Business leaders everywhere know they have to hire younger workers. But what about all their supposed quirks?
As a 25-year-old, let me break down some stereotypes that you hear about Millennials and Gen Zers - basically, workers born after 1981 now in their 20s or 30s.
Stereotype #1 - Younger workers don't want to work hard.
You got me there. (Wait, kidding.)
Millennials and Gen Z workers simply need the right motivators to work hard.
I've been with the same company for four years now (Colonial Chemical, Inc., in South Pittsburg, Tennessee), and I knew from the beginning I wanted to work up to a bigger position with greater responsibility and greater rewards.
I grew up seeing the effects of the Great Recession on my family, and I knew I wanted to make myself as financially secure as possible. The reward for me was more money and more autonomy in my role. Today, money is a big motivator for Millennials. They're becoming old enough to have to deal with things like medical bills and this crazy housing market.
Gen Zers, on the other hand, have had more stability (so far) and are more focused on perks than money. These are the people begging you for remote work opportunities and flex time. Office pizza parties aren't cutting it any longer for Gen Z. These people have to find meaning in their work. The idea of punching a clock and doing the same desk job for 40 years is unimaginable to them. They need purpose, and simply making enough money to maintain a household isn't on their mind. They're not going to be getting married and starting families for some time.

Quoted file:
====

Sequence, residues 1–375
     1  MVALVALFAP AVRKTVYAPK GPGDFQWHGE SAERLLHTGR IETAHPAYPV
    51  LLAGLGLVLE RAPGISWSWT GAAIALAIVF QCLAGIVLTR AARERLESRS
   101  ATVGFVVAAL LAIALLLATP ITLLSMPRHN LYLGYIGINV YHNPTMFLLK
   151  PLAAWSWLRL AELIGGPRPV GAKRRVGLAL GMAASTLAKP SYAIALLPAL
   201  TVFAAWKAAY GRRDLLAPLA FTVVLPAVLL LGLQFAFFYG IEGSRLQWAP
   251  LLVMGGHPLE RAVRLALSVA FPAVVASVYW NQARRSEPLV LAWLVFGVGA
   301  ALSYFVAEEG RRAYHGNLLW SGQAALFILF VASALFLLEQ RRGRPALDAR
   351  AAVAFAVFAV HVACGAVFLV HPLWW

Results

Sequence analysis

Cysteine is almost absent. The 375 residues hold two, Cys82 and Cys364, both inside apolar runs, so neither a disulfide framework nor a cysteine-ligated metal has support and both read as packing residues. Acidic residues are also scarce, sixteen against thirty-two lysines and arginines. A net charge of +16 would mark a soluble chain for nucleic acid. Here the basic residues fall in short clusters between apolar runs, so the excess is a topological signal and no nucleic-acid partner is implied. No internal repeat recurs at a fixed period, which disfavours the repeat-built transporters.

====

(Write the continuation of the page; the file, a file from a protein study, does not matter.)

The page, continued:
Born in 1996, I fall in between these two generational groups and therefore often feel impulses in both directions. I'm very financially driven but also need fulfillment from my job. You'll find this in a lot of in-betweeners. We're very hard to please.
Stereotype #2 - Millennials are job hoppers.
This circles back to the whole money thing. Millennials have seen the research that shows how much more you can make by changing jobs every two to three years. Obviously this is a scary prospect for hiring managers focused on retaining talent. There's a radical idea going around you might want to look into: It's called paying more money for top talent. You need to evaluate who your top performers are and do what you can to keep them. If your company is strapped for cash, then at least try other perks such as flex-time, more affordable health insurance, or higher 401k matches. These are all benefits that are on Millennials' minds.
Stereotype #3 - The "in-my-feelings" generation is too sensitive. (Looking at you Gen Z.)
Older managers might look down upon this group of sensitive young 'uns as too delicate for the workplace. You wonder if what you say is going to offend them and land you in hot water. You think they're too open-minded, perhaps. They have pronouns, and you're confused. They openly talk about what their therapist told them.
Consider this, sensitivity can be a great thing for a workplace. You'd be gaining a new level of thoughtfulness and empathy that older employees may lack; or, more likely, are just keeping bottled up. I mean, wouldn't it be nice to work with people who actually work their problems out in therapy and not in the break room on a Monday morning?
It will take a certain level of awareness by older managers to effectively handle 20-somethings. They don't deal well with confrontation and would rather work through problems via email or messaging than face-to-face. You'll need to adapt to these communication styles to get the most out of your youngest employees.
It really just takes emotional intelligence, arming yourself with the appropriate data, and a willingness to be flexible to manage younger workers. Regardless of the stereotypes you have come to believe about them, realize they will be the future of your company.
Invest in them now and nurture them as the individuals they are, not as members of often over-generalized generations.
Carmen O'Hagan is a regional sales manager for Colonial Chemical, Inc., in South Pittsburg, Tennessee. She is a graduate of the University of the Tennessee-Chattanooga, and president of the Marion County Chamber of Commerce.